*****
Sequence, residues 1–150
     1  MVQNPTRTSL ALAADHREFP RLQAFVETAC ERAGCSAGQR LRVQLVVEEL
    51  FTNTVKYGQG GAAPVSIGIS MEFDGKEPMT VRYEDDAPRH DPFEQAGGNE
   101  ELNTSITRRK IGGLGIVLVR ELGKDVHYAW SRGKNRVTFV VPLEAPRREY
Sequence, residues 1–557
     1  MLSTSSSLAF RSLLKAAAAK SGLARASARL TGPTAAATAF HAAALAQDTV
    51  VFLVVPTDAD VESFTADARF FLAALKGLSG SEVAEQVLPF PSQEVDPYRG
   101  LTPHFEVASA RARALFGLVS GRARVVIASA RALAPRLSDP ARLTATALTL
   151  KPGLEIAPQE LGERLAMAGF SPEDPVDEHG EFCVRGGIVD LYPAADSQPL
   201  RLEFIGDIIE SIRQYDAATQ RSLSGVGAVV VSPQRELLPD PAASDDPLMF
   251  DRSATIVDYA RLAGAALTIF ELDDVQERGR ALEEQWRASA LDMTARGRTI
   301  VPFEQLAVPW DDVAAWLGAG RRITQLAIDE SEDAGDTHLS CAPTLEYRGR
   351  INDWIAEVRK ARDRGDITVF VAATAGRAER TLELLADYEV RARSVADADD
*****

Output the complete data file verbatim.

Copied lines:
Sequence, residues 1–150
     1  MVQNPTRTSL ALAADHREFP RLQAFVETAC ERAGCSAGQR LRVQLVVEEL
    51  FTNTVKYGQG GAAPVSIGIS MEFDGKEPMT VRYEDDAPRH DPFEQAGGNE
   101  ELNTSITRRK IGGLGIVLVR ELGKDVHYAW SRGKNRVTFV VPLEAPRREY
Sequence, residues 1–557
     1  MLSTSSSLAF RSLLKAAAAK SGLARASARL TGPTAAATAF HAAALAQDTV
    51  VFLVVPTDAD VESFTADARF FLAALKGLSG SEVAEQVLPF PSQEVDPYRG
   101  LTPHFEVASA RARALFGLVS GRARVVIASA RALAPRLSDP ARLTATALTL
   151  KPGLEIAPQE LGERLAMAGF SPEDPVDEHG EFCVRGGIVD LYPAADSQPL
   201  RLEFIGDIIE SIRQYDAATQ RSLSGVGAVV VSPQRELLPD PAASDDPLMF
   251  DRSATIVDYA RLAGAALTIF ELDDVQERGR ALEEQWRASA LDMTARGRTI
   301  VPFEQLAVPW DDVAAWLGAG RRITQLAIDE SEDAGDTHLS CAPTLEYRGR
   351  INDWIAEVRK ARDRGDITVF VAATAGRAER TLELLADYEV RARSVADADD